DuPont Chemical Plant Has History of Safety Violations

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by | Nov 18, 2014

DuPont logoThe DuPont chemical plant where four workers died Nov. 15 after a leak caused an explosion has a history of safety violations that stretch back several years, the Texas Tribune discovered in a review of state records.

A faulty valve at the plant, which is located about 30 miles from Houston, caused a leak of an estimated 100 pounds of the chemical methyl mercaptan, the Texas Tribune reported. Methyl mercaptan is a component of Lannate, an insecticide made at the plant. It’s also a product commonly used to odorize natural gas for safety purposes, according to DuPont.

The plant was cited at least two dozen times for violating state law in the last five years by the Texas Commission on Environmental Quality, state records show. The most recent violations reported to the agency were in March after a gas vent opened and released 110 pounds of carbon monoxide and in August 2013 when malfunctioning equipment leaked 40 pounds of chlorine. Despite the violations, the TCEQ reports the plant is in satisfactory standing in terms of following state laws.

DuPont executives said in a statement that the company is working with local, state and federal authorities as they conduct an investigation into the incident. DuPont will conduct its own review of the incident.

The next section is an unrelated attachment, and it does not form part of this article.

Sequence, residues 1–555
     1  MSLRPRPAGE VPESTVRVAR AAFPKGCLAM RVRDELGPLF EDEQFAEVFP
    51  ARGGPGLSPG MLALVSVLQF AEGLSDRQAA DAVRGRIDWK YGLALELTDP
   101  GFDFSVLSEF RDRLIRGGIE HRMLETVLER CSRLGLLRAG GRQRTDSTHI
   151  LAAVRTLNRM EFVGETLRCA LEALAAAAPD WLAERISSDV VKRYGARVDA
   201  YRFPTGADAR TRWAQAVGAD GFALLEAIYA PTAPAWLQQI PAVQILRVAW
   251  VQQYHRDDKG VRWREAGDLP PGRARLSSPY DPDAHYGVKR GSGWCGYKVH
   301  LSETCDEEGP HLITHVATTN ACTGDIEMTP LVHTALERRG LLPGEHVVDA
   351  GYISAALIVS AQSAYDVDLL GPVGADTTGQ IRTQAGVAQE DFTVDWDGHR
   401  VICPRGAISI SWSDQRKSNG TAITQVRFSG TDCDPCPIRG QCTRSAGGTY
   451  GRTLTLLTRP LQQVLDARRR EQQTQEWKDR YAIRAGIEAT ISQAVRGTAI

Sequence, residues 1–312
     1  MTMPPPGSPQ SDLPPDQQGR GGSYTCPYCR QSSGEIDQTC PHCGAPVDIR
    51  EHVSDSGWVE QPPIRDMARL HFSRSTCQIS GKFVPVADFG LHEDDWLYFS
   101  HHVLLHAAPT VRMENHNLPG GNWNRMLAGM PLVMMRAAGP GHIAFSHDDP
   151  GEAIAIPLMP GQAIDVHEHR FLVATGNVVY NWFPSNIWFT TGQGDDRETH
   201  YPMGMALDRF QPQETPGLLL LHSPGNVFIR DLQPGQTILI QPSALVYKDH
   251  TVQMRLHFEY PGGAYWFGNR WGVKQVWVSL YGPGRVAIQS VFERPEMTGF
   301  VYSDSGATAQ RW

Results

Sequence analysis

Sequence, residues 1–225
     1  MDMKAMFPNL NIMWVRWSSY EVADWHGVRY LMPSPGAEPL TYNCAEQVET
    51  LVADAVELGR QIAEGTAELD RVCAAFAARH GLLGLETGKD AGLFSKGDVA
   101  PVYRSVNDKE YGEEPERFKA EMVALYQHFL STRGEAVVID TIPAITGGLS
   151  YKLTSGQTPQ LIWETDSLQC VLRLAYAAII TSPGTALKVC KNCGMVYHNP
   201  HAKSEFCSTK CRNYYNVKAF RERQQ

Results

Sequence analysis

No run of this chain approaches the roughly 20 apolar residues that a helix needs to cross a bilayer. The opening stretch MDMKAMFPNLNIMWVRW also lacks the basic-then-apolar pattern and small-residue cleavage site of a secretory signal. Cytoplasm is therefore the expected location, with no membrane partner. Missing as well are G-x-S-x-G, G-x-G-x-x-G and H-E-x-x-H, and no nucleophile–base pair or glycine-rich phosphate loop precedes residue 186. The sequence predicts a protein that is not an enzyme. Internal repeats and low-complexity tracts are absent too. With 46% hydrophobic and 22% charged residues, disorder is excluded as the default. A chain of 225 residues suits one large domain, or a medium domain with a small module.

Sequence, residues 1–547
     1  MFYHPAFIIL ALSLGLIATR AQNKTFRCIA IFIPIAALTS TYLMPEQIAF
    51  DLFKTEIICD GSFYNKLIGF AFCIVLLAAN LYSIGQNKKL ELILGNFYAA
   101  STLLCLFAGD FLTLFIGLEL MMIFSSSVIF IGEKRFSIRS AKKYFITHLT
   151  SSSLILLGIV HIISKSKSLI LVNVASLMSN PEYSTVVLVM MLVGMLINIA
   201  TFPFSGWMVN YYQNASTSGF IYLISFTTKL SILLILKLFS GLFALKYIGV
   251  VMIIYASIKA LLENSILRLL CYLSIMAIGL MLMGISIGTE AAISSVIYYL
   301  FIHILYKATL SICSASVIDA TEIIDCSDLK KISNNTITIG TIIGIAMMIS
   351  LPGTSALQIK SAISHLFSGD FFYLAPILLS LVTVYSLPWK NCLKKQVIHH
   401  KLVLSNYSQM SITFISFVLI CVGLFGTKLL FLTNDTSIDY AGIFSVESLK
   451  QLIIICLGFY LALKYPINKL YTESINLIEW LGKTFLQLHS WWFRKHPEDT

The last major fatal chemical accident in Texas occurred in April 2013 when an ammonium nitrate explosion at the West Fertilizer Co. plant killed 15 people and injured more than 160. Occupational Safety and Health Administration cited the operator of the plant, Adair Grain, for 24 safety violations including unsafe handling and storage of chemicals.

In the wake of the explosion, OSHA, the Agricultural Retailers Association and The Fertilizer Institute launched an effort to reach out to more than 7,000 agricultural retailers, distributers, producers and other facilities in the fertilizer industry to encourage safe storing and handling of ammonium nitrate.




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